Can Online Gambling Revitalize Zynga?

Chris is a member of The Motley Fool Blog Network -- entries represent the personal opinion of the blogger and are not formally edited.

It looks like Zynga (NASDAQ: ZNGA) is gearing up to make a serious run at internet gambling and sentiment is lining up to add a huge new market just as the company shifts toward gambling. Zynga has already signed a partner for online gambling in the U.K. and the U.S. is beginning to embrace online gambling state by state. The company has suffered as of late, driven in part by weak new games and the fickle nature of social gaming but gambling could provide the boost Zynga needs.

In the U.K., Zynga has partnered with Bwin.Party Digital Entertainment, the largest publicly traded online gambling firm in the world. The deal, which came to light in October, opens the doors to what is currently the largest online gambling market in the world. Two sites have already popped up here and here, which may mean that launch is rapidly approaching. The deal allows Zynga to quickly enter the U.K. market and avoid building its own gambling platform. Bwin, however, gains Zynga’s highly visible brand and a way into the U.S. market as sentiment continues to shift.

Recent earnings from Zynga were encouraging, though far from impressive. The company managed to beat analyst expectations, though still reported a net loss of $209 million on $1.28 billion in revenue for the year. The company managed to turn around the trend of escalating losses, though it expects a loss for the first quarter of 2013.

The most encouraging bit of information from the earnings release was buried in the conference call: Zynga intends to make use of Facebook’s (NASDAQ: FB) platform for its gambling operation in the U.K. Zynga is the largest and most visible social gaming company on Facebook, and tapping into its presence there could provide a major boost for its U.K. gambling aspirations. Facebook itself may also welcome this as it continues to struggle to monetize its services outside of the U.S. If Zynga’s gambling business takes off, Facebook stands to gain another stable revenue stream that is presumably less influenced by fads than social gaming.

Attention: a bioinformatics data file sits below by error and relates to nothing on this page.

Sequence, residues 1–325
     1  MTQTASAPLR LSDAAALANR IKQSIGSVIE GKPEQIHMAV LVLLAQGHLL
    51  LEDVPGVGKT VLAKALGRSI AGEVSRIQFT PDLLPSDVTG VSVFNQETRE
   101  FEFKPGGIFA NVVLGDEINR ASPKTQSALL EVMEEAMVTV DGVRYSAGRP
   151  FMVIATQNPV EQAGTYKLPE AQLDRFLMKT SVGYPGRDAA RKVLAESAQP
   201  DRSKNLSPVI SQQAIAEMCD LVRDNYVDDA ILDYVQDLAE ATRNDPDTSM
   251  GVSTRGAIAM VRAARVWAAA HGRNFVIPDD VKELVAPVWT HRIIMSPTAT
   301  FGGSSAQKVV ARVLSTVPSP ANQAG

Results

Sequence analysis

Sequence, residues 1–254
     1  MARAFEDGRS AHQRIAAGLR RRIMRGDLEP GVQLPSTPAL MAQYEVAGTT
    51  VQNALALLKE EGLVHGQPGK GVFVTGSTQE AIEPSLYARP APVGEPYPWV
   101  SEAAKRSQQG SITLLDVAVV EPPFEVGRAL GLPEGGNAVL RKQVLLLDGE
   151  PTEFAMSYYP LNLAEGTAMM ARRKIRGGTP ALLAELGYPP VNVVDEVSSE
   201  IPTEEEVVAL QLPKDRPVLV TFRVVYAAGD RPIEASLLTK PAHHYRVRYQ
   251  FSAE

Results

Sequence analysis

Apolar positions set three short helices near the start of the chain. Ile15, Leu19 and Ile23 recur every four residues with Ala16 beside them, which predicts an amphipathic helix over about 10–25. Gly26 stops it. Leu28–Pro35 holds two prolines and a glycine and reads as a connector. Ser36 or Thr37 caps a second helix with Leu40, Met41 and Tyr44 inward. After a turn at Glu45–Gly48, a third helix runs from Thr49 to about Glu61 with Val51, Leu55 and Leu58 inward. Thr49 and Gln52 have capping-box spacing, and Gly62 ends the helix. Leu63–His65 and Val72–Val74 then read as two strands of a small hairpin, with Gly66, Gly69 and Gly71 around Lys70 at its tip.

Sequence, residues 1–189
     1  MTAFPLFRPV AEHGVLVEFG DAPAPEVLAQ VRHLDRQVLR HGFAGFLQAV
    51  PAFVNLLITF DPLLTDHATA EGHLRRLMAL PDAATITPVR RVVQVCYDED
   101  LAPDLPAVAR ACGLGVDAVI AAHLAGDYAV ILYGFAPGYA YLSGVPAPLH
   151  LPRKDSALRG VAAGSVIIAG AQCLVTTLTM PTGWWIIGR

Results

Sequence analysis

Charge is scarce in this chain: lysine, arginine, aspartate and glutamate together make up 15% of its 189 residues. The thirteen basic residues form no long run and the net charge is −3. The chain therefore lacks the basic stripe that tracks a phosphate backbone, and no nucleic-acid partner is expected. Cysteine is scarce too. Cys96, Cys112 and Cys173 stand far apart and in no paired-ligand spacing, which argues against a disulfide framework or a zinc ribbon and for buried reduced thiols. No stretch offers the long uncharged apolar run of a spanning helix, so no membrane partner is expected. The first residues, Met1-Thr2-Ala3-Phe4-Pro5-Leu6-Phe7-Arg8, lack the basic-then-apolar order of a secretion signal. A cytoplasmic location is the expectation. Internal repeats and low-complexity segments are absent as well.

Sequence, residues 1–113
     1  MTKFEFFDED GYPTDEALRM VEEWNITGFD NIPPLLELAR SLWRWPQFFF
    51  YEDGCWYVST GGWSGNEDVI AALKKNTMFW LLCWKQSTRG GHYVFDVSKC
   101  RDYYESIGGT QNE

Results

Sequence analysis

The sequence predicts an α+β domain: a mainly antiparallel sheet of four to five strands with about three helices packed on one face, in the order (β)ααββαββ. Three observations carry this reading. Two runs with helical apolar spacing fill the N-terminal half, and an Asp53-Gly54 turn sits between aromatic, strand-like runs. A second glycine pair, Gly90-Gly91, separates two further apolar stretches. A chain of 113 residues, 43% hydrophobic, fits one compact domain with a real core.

Zynga has been making changes, cutting its workforce, discontinuing weakly performing games, and consolidating offices. Just recently, the company announced it would be cutting 30 jobs and merging offices in New York and Texas. Zynga also announced the closure of its Baltimore office, home to the soon to be shuttered CityVille 2. Zygna is working toward becoming a leaner, more focused company which should help it take advantage of online gambling. This comes just in time as online gambling in the US is quickly becoming more than a pipe dream.

Several states have been clamoring to legalize online gambling, with Nevada notably pushing a bill through in a single day. Governor Brian Sandoval signed the bill into law February 21, five days before Governor Chris Christie of New Jersey signed a similar bill for his state. Governors are legalizing online gambling in part because casinos are turning their attention outside of the U.S., opting to invest abroad. Las Vegas Sands (NYSE: LVS) Chairman Sheldon Adelson went so far as to say the company was no longer looking to expand in the U.S. at all. He pointed to the oversaturation of the U.S. market as one of the deciding factors. Las Vegas is no longer the casino paradise it once was, falling even further behind foreign competitors. For instance, Macau now generates six times as much gambling revenue as Vegas. Thanks to pressure from Macau and other gambling strongholds, these states are paving the way to new revenue possibilities for Zynga in the U.S.

One major hurdle for Zynga will be increased competition. Online gambling will add competitors like MGM Resorts International (NYSE: MGM) and Caesars Entertainment Group (NASDAQ: CZR) to the mix and it is clear that competition is already taking a toll on the company. MGM signed its own deal with Bwin, with the casino giant looking to use Bwin’s platform to build its U.S.-based online gaming site. Caesars owns World Series of Poker, the most visible poker brand in the world, and has already begun putting together its own online presence. Though the company reported a massive loss earlier this week, $3.75 a share, investors have continued to pile into the stock on the hopes of online gambling success.

While Zynga’s U.K. operation hasn’t launched yet, it will offer the first real glimpse into what Zynga can bring to gambling and what gambling can bring to its bottom line. If it pans out, it’ll prove to be a major catalyst for Zynga’s stock price. Stateside, things are murkier. While the bills passed do open up internet gambling there is still a long road ahead. As the online gambling market develops in the U.S., the best thing Zynga can do is continue to focus on building its brand and cutting costs where it can.

TigerAnalyst has no position in any stocks mentioned. The Motley Fool recommends Facebook. The Motley Fool owns shares of Facebook. Try any of our Foolish newsletter services free for 30 days. We Fools may not all hold the same opinions, but we all believe that considering a diverse range of insights makes us better investors. The Motley Fool has a disclosure policy. Is this post wrong? Click here. Think you can do better? Join us and write your own!

blog comments powered by Disqus